Whether you are introducing solids to your baby using the traditional puree based approach or dive straight into table foods like in Baby Led Weaning, finger foods can appear on your baby’s tray as early as at 6 months of age.
By the time babies learn to sit upright and become interested in food, most of them are also able to use their now free hands to grab big pieces of food and bring them to the mouth.
Even if most of the finger foods end up smashed on the tray or dropped to the floor, it is a great opportunity for your baby to practice motor skills and get little tastes of what the rest of the family is eating.
And you may notice that with time your little one handles finger foods more confidently and actually eats more of them! So why miss the chance to boost his or her diet by serving the most nutritious options?
If your little one is not interested in self-feeding, do not despair. The options I suggest below do not require lots of work and make a great snack for you too! Just make sure to provide exposure to different finger foods at most meals, to help your child learn faster.
Remember, it is very important to watch your baby at all times when he or she is eating. Many babies gag when they are getting used to the new texture, it is a safe learning mechanism that allows them to get rid of the pieces that are too challenging to handle.
All babies have different sensitivity levels. Some gag repeatedly even when transitioned from milk to thin purees, others have no problem eating advanced options like finger foods from the start. Babies tend to just suck on finger foods at first and as they get more skilled, you may notice more biting and chewing.
Here is a list of easy and nutritious finger foods to offer to your 6-month-old. Many of them are high in iron, zinc and fat, important nutrients at this age. Serve them for meals if you are following Baby Led Weaning or alongside purees if you are following the traditional approach to the introduction of solids.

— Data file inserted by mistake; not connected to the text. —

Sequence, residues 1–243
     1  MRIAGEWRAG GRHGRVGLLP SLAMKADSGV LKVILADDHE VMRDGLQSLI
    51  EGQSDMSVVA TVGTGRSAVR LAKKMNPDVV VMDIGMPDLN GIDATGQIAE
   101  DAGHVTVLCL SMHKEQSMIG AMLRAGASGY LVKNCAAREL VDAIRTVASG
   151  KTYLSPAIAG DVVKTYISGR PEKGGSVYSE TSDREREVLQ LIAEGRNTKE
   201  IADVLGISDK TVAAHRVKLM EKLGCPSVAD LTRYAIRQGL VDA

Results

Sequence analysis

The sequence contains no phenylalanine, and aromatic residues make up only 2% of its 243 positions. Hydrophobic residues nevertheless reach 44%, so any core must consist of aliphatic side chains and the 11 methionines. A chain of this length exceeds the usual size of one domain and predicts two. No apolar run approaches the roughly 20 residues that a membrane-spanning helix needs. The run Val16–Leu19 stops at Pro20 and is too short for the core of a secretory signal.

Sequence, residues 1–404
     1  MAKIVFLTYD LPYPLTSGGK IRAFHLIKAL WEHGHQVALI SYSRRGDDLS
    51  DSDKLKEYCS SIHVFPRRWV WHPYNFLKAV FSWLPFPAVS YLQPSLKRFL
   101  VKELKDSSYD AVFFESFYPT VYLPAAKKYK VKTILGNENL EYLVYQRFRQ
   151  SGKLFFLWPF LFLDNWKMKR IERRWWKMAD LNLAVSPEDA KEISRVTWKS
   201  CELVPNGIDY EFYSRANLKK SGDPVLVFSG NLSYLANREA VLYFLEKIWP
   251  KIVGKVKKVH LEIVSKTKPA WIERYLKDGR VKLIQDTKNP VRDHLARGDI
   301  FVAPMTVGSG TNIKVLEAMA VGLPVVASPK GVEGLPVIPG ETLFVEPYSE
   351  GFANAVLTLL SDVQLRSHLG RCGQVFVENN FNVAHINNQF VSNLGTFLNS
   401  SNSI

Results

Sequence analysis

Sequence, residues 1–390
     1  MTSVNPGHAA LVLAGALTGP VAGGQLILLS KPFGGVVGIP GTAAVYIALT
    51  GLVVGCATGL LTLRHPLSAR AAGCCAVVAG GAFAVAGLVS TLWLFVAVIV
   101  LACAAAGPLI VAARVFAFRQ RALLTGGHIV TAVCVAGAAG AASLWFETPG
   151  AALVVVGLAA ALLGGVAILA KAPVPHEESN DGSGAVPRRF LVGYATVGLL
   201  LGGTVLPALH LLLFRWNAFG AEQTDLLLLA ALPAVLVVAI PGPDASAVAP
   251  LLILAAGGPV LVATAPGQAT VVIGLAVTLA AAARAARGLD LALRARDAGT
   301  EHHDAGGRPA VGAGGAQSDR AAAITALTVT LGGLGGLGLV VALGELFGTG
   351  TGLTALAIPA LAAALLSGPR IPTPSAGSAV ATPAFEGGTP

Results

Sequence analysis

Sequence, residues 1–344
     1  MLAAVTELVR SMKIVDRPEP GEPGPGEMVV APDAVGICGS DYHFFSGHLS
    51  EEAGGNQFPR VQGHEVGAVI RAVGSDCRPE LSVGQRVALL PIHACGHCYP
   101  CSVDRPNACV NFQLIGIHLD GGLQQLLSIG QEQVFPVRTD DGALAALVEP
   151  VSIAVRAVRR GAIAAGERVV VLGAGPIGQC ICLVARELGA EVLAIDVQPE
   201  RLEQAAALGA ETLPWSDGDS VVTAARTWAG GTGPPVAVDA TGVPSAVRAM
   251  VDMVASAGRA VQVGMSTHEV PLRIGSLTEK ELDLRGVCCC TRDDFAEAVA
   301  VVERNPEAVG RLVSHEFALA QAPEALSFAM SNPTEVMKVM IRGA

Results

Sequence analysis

1. Apple wedges smeared with coconut oil sprinkled with cinnamon and cooked in the microwave until very soft. Raw apples and other hard foods like raw carrots are a choking hazard.
2. Toast dipped in a soft boiled egg. Eggs are one of the super foods that are especially good for babies. Full of fat, protein and lots of vitamins and minerals, they are also very easy to prepare. My baby does not like the texture of omelet but it is less messy, so worth a try with your little one.
Check my video to find out why and when to give your baby eggs and how to do it safely. 👇🏼👇🏼👇🏼
Can you give your baby undercooked eggs?
Posted by Feeding Bytes – Real Nutrition for Busy Families on Friday, 5 January 2018
3. Toast with nut butter. Yes, you can give your child nut butters from early on, if your doctor gave you the green light. Some kids with a genetic predisposition to food allergies may benefit from a delayed exposure to nuts. You can try to sandwich some nut butter between two pieces of toast to minimize the mess. Almond or peanut butter can also be mixed into purees. Whole nuts are a choking hazard and are not appropriate for kids under 3.
Check my video on how to safely introduce nuts to your baby 👇🏼👇🏼👇🏼
Do you know when and how to gve your baby peanuts? In this video I will share 5 ways to safely introduce peanuts to your baby and give you an overview of the recent changes in official guidelines. You may need to start giving your baby peanuts earlier than you think!
Posted by Feeding Bytes – Real Nutrition for Busy Families on Tuesday, 24 January 2017
4. Broccoli with stalks, steamed, boiled or roasted. This was the first finger food my baby ate and it is still one of her favorites.
5. Avocado wedges with partially removed skin, for a better grip. Make sure to wash the avocado well before serving.
6. Bananas washed and with skin removed partially. As your baby eats the flesh, keep removing the skin further.
7. Soft fruit like very ripe pear, kiwi, mango or papaya cut into wedges or discs.
8. Roasted vegetables like carrots, sweet potatoes and zucchini. Cut them in long or large round pieces that are easy to grab with a hand. Small pieces require kids to use their finger or pincer grasp that develops later, at around 8-10 months. You can also use a crinkle cutter to make the surface less slippery.
I hope you enjoyed this post and are ready to start experimenting with finger foods and enjoying messy mealtimes! 🙂
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